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On July 11, 2016, the National Labor Relations Board overturned its prior position that a joint employer unit of direct and temporary employees required consent from the user and supplier employers before both groups could be included together in an election. 

In Miller & Anderson, Inc., a skilled craftsmen staffing company, Tradesmen International, supplied Miller & Anderson, a building trades contractor, with sheet metal workers for a project in Pennsylvania.  The Sheet Metal Workers Union attempted to organize all sheet metal workers at the Pennsylvania project, including Miller & Anderson direct employees, Tradesmen International temporary employees, and Tradesmen International direct employees.  The Union petitioned the Board for an election with a mixed unit of direct and temporary employees.  The NLRB’s Regional Director dismissed the petition in accord with prior Board precedent because neither Tradesmen International nor Miller & Anderson consented to the unit.

The Board reversed and held that consent of the user employer and the supplier employer was not required before there could be an election in a mixed bargaining unit of direct employees and temporary employees.  In place of the consent requirement, the Board will now apply its traditional community-of-interest test to decide if the unit is appropriate.  Under such a test, the Board will look to a number of factors, including whether the employees:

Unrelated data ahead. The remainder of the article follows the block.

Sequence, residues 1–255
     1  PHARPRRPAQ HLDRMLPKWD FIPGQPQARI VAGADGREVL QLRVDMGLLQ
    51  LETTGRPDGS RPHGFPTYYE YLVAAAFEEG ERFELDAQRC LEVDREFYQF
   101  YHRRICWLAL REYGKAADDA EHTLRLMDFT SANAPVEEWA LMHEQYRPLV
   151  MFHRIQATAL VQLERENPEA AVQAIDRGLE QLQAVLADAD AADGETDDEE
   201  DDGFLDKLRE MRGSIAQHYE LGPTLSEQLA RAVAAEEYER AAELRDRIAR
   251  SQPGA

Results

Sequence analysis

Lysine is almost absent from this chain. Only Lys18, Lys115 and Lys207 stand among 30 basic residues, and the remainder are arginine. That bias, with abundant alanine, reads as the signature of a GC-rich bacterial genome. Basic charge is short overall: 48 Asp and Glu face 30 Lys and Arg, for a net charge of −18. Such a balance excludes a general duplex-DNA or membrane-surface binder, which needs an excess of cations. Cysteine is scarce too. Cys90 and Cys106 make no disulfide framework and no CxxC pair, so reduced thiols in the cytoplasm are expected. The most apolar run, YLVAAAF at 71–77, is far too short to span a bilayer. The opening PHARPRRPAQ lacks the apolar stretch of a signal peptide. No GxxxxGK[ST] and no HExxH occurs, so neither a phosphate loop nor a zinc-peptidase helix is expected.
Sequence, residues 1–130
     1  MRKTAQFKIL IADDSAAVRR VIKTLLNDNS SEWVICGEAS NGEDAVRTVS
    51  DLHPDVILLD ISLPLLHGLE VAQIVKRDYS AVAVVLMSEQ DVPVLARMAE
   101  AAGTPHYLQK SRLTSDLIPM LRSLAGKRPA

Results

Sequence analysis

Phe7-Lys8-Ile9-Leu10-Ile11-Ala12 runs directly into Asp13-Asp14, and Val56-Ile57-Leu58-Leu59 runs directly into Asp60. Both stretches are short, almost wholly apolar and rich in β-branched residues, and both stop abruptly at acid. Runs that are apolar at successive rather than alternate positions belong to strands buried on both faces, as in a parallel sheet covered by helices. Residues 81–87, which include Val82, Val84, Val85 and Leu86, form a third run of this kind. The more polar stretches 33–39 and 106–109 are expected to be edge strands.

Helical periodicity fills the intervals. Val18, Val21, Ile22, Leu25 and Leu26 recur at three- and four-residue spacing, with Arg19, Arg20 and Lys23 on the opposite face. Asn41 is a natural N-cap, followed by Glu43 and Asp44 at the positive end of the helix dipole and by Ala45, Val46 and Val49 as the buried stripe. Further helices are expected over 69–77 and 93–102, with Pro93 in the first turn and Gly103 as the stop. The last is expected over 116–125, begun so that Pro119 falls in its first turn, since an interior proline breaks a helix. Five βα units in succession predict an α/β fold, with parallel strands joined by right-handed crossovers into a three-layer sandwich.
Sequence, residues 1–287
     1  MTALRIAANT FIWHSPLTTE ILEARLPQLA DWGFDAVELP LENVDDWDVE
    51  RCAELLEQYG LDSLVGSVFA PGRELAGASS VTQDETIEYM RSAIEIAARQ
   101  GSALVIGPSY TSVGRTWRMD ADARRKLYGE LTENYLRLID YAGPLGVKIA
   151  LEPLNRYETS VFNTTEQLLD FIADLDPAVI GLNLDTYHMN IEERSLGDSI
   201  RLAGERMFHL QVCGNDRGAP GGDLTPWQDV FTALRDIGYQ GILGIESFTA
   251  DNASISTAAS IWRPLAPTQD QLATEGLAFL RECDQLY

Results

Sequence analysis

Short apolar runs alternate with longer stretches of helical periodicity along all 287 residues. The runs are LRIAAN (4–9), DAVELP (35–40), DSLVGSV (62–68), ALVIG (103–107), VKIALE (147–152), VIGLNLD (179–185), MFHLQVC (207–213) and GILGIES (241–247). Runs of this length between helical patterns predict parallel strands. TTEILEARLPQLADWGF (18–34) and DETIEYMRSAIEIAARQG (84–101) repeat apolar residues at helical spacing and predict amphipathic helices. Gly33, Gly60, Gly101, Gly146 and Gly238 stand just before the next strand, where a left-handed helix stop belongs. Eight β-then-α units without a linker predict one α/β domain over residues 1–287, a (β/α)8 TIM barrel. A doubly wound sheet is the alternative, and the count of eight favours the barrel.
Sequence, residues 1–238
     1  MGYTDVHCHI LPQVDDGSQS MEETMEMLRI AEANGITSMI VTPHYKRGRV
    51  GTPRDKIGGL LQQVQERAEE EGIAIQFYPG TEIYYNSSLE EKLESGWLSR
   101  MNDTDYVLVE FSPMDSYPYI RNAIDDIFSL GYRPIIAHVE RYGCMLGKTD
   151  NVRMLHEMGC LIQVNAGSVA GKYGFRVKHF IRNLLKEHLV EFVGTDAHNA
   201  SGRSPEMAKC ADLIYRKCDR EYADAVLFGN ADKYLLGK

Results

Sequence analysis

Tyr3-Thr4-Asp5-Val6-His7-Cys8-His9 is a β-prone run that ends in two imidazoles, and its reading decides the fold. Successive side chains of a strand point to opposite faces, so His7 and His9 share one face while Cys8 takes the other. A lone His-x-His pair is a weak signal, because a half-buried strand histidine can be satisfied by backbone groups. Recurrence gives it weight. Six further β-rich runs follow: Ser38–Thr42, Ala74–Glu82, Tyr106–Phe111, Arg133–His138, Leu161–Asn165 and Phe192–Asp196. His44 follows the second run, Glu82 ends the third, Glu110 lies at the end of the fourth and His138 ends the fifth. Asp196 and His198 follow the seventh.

• Work side by side at the same facility;
  • Work under the same supervision; and
  • Work under common working conditions.

The new rule in Miller & Anderson, Inc., combined with the Board’s 2015 Browning Ferris decision, could significantly increase the number of joint employer units where temporary workers are used.  Before ordering an election involving a mixed bargaining unit, the Board must determine two things: 1) whether the user employer is a “joint employer,” and 2) whether the proposed unit of direct and temporary employees is appropriate.  The Browning Ferris decision controls the first question and the Miller & Anderson, Inc. decision now controls the latter.

Under these two decisions, an employer with temporary workers may, for example, have to bargain with a mixed unit even if it does not exercise direct control over the temporary employees’ pay or discipline and has not consented to such a mixed bargaining unit.

Please contact Raymond Neusch, Steven McDevitt, or any member of the Labor & Employment Practice Group for further information about this matter.